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Business News of Wednesday, 30 June 2021


Goil to get a replacement for ExxonMobil - GNPC assures

A photograph of a Goil Fuel pump A photograph of a Goil Fuel pump

• CEO of Ghana oil has said the country will soon have about 7 to 8% share of a new contract it will be signing with a potential investor

• He said ExxonMobil’s exit doesn’t mean all investments are gone

• ExxonMobil prior to its exit controlled up to 80% of the country's oil blocks

The Group Managing Director of Goil, Kwame Osei Prempeh has said that measures are in place to get other new investors to replace ExxonMobil after the US company announced its exit from Ghana's oil sector about two months ago.

ExxonMobil pulled out of its deep-water oil prospecting operation just two years after Ghana ratified an exploration and production agreement with the company.

The company relinquished the entirety of its stake in the Deep-water Cape Three Points block and resigned as its operator after fulfilling its contractual obligations during the initial exploration period, according to a letter to the government of Ghana.

In an interview with media at Goil's Annual General Meeting in Accra, Mr Osei-Prempeh said the likelihood of the country getting more shares in the new investment is high.

“Exxon is the largest explorer in the world and the way they assess their risk is different so if Exxon says that they assess the risk and the quantity that they will get is not to their satisfaction, any middle level explorer or oil company will find it suitable. So as at now, GNPC has assured us that people are knocking on their doors so now that Exxon is out that doesn’t mean their investments are gone.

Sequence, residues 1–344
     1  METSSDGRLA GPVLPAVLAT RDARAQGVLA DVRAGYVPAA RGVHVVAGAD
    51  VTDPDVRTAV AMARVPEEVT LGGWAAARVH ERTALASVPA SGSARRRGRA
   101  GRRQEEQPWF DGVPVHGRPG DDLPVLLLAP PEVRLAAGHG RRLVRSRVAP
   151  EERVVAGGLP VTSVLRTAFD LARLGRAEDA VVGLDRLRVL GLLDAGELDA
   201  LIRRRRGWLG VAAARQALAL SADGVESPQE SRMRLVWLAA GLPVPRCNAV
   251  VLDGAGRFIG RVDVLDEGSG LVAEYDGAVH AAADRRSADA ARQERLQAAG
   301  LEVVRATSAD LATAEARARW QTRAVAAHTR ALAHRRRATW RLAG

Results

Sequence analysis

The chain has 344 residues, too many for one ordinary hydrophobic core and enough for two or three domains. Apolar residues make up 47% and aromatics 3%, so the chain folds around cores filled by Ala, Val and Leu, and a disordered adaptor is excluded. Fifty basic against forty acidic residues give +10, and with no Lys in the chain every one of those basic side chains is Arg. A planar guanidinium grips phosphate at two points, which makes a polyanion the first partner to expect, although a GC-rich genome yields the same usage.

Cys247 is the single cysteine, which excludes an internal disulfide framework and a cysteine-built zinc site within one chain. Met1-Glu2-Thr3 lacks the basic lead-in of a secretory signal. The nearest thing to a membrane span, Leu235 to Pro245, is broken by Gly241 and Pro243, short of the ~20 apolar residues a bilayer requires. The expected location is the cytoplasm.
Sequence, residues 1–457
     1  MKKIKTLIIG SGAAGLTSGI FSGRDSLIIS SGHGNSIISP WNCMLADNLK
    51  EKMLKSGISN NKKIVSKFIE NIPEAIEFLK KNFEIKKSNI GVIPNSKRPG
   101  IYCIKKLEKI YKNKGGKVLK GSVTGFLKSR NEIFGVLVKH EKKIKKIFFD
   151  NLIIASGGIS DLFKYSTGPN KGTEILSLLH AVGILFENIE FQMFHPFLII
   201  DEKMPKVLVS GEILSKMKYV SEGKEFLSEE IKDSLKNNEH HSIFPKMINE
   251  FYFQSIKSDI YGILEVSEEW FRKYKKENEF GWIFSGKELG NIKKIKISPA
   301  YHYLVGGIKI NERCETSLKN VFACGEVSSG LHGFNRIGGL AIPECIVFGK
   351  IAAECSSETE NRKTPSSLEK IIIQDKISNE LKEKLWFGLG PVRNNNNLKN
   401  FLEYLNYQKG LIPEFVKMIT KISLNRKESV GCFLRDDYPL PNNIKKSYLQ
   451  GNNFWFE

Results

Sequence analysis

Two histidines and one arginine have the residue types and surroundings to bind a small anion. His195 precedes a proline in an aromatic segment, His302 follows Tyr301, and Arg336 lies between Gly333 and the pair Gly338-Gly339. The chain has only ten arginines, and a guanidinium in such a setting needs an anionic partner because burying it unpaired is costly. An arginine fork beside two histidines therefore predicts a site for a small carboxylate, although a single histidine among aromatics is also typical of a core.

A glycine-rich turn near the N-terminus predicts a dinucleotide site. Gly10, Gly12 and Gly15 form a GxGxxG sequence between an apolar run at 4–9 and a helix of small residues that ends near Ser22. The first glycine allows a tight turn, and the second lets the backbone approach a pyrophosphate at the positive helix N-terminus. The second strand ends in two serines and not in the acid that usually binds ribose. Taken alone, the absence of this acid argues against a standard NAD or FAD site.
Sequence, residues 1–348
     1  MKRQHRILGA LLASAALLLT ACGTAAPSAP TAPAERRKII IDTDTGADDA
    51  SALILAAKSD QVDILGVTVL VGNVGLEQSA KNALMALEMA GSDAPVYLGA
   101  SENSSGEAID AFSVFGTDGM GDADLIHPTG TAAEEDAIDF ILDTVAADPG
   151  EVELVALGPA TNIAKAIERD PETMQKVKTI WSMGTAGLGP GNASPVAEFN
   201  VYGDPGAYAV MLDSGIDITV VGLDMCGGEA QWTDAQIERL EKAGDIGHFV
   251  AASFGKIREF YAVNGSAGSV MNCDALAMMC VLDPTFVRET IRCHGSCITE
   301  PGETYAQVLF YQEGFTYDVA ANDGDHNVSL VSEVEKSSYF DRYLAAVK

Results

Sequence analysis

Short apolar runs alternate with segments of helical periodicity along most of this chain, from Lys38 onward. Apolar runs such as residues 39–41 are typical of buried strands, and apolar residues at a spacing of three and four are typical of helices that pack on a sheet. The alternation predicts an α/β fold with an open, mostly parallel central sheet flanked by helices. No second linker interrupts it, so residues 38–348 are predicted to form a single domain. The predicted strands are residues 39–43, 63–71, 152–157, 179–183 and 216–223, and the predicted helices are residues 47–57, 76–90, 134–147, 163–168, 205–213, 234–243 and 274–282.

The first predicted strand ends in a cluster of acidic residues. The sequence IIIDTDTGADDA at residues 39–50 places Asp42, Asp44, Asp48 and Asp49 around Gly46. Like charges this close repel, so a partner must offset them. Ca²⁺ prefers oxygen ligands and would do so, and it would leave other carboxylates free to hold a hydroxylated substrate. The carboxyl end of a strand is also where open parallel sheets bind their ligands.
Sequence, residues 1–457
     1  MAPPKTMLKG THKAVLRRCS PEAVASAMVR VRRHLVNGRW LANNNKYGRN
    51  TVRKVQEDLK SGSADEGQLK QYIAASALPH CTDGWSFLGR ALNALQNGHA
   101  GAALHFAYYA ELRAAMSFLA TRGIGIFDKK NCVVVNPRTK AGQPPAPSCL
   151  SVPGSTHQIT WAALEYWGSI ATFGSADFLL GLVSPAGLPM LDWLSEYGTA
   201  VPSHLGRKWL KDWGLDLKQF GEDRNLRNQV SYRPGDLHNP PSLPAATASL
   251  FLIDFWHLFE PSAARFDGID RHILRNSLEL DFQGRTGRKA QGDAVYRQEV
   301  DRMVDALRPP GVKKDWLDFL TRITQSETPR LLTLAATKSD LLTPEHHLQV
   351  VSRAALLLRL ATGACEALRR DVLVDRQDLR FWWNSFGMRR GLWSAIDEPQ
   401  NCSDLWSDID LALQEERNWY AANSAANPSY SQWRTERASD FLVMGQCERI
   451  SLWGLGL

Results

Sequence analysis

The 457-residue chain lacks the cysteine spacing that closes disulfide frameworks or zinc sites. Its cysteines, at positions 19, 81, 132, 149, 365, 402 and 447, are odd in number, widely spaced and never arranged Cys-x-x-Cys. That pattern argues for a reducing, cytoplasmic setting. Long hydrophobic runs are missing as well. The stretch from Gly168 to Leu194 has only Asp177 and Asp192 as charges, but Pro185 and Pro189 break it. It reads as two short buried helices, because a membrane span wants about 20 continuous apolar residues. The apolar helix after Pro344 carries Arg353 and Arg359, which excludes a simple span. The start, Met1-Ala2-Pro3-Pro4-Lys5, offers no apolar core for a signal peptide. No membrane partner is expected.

“Indeed what we are even hoping is that, we have already spent money with our dealings with Exxon so if any new partner comes in, our investment with Exxon is going to top-up our 5% so we may even end up getting about 7 or 8% share in the new deal instead of the 5%, we believe it is not going to difficult at all, we are going to get an investor coming in,” he said

Exxon at the time of their exit controlled 80% of the block, with state-owned Ghana National Petroleum Corporation holding 15% and Ghana Oil Company, holding the remaining 5%.

The work done so far included processing about 2,200 square kilometers (850 square miles) of seismic data, but Exxon didn’t drill any exploratory wells.